32. 32. Snowy Egret Writing: 1. http://switchzoo.com/profiles/snowyegret 2.http://www.ct.gov.deep/cwp/view.asp?q=32608 8 Pictures: 1.http://www.fredmiranda.com/forum/topic/11203 53 2.http://www.kansas.com/news/article1117785.ht ml 3.http://floridaphotomatt.com/2013/01/14/canon- 5d-mark-iii-autofocus/ 4.http://www.bioexpedition.com/snowy-egret/ European Dune Grass Writing: 1.http://www.ca- ipc.org/ip/management/ipcw/pages/detailreort.cfm @usernumber=5&surveynumber=182php 2.http://aquarium.org/exhibits/sandy- shores/animals/european-beach-grass 3.http://www.ecy.wa.gov/programs/sea/coast/duneg rass.html Pictures: 1.http://www.dailykos.com/story/2011/06/01/981243/ Bibliography Sand Verbena Writing: 1.http://www..pnwflowers.com/flower/abroni-a-latifoia Pictures: 1.http://en.wikipedia.org/wiki/Abronia_latifolia 2.https://www.flickr.com/photos/24870394@N03/5889180 513/ Silver Beach Weed Writing: 1.http://www.cloudphotographic.com/bot165/lab9/silver %20beach-weed.html Pictures 1.http://www.cloudphotographic.com/bot165/lab9/index. html Animals Cover Page 1.http://www.grahamowengallery.com/photography/snowy_e grets.htm 2.http://sdakotabirds.com/diffids/white_egrets.htm 3.http://wildobs.com/place/Oklahoma-USA/Great-Blue-Heron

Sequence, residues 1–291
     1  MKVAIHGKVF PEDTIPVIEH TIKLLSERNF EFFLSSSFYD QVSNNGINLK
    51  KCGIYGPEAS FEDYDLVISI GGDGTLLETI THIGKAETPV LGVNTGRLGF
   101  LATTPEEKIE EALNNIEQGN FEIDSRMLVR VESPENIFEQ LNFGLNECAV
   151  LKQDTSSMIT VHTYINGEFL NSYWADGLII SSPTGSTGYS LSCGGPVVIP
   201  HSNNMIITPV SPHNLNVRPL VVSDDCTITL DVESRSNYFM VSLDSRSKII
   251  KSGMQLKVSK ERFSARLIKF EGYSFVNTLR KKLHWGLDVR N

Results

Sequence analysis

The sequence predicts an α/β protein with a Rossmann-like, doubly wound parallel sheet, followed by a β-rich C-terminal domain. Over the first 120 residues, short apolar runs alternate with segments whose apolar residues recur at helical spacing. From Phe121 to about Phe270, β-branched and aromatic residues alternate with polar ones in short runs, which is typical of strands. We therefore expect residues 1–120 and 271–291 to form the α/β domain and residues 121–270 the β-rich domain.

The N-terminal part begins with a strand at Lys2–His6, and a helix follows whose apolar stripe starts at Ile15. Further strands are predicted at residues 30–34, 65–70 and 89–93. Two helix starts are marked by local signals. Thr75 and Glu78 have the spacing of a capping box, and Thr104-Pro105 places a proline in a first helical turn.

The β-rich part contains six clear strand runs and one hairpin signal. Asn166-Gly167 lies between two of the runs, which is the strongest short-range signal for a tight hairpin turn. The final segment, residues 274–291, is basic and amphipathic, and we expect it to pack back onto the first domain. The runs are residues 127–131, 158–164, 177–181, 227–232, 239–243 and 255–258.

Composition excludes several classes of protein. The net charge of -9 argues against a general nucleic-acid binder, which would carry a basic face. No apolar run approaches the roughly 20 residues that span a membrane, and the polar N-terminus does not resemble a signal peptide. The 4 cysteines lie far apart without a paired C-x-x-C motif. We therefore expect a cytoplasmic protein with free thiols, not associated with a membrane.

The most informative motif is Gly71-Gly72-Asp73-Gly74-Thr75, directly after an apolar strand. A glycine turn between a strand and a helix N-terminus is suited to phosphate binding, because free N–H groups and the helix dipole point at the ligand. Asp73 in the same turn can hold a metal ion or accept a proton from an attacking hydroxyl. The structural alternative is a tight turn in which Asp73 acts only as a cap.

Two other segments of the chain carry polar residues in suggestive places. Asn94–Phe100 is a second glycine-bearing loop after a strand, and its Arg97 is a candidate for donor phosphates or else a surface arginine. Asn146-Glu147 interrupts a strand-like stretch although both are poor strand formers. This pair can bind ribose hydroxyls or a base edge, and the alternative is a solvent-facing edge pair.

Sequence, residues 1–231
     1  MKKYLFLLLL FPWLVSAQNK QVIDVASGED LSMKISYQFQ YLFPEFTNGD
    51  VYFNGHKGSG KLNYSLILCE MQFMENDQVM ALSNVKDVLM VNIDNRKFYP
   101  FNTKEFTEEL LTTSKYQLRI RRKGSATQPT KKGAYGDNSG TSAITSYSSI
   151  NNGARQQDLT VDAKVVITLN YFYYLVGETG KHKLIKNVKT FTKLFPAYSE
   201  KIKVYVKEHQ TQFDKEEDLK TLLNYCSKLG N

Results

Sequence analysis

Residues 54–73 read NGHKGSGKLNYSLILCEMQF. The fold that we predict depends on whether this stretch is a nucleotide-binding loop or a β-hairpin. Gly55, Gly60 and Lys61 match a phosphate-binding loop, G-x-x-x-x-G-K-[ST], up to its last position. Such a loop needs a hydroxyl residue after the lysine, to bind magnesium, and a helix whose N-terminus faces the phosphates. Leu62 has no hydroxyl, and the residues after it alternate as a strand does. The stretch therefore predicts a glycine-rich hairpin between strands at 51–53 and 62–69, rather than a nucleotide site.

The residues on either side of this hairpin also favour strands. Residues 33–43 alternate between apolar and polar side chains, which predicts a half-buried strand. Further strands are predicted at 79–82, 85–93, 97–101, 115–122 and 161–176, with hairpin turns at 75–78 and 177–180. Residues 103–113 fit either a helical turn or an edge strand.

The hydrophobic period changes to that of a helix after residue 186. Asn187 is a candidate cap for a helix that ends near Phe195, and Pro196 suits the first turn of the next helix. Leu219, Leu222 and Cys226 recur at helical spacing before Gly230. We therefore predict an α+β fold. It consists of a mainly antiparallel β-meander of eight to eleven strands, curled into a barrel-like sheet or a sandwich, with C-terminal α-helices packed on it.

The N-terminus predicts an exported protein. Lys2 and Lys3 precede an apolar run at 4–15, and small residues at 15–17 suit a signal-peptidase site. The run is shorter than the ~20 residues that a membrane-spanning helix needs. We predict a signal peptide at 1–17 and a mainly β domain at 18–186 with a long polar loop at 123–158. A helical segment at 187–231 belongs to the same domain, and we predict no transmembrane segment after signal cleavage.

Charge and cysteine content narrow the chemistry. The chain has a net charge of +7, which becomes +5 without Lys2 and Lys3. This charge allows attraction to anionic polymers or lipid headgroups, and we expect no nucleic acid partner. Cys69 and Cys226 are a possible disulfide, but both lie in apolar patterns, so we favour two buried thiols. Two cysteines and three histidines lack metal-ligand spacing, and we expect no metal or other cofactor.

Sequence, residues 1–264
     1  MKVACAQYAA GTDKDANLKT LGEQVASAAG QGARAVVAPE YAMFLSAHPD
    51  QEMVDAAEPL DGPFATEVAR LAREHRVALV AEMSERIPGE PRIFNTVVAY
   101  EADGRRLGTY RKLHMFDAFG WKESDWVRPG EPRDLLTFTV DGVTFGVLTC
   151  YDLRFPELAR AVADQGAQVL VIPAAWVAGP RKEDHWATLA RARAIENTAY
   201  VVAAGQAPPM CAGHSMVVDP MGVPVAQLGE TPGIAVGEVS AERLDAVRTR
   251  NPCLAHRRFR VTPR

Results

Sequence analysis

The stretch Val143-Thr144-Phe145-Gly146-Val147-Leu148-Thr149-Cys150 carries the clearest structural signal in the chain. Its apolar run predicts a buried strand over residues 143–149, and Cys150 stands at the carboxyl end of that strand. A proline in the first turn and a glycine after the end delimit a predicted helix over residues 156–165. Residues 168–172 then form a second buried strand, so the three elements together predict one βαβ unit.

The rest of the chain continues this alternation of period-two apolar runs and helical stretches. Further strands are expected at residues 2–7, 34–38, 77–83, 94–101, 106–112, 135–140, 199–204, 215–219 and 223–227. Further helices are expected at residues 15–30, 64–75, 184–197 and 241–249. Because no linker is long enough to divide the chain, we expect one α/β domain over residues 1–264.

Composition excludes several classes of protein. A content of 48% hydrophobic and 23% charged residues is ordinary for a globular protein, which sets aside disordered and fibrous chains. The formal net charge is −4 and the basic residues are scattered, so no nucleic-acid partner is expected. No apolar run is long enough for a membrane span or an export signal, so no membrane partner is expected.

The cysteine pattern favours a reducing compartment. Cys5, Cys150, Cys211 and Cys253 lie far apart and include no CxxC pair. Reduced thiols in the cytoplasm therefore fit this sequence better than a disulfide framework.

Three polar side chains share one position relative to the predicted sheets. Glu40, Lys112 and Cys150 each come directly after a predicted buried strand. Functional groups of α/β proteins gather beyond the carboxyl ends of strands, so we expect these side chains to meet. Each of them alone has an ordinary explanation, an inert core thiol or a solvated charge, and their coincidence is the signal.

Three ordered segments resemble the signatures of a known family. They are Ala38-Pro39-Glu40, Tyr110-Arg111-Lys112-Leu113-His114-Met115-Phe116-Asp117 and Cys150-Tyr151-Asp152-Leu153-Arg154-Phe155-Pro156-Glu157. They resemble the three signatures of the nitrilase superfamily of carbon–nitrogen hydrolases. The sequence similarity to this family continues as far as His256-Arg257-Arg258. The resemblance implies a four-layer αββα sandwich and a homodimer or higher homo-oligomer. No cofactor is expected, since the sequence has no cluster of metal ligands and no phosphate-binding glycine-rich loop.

33. 33. 6.http://www.britannica.com/EBchecked/topic/184410/elephant-seal 7.http://ca-sgep.ucsd.edu/focus-areas/healthy-coastal-marine-ecosystems/explore-beach-ecosystems/beach-plants- and-animals/marine-mammals Front Page: 8.http://www.georgekrevskygallery.com/dynamic/artwork_detail.asp?ArtworkID=2562&ExhibitID=169 Continued...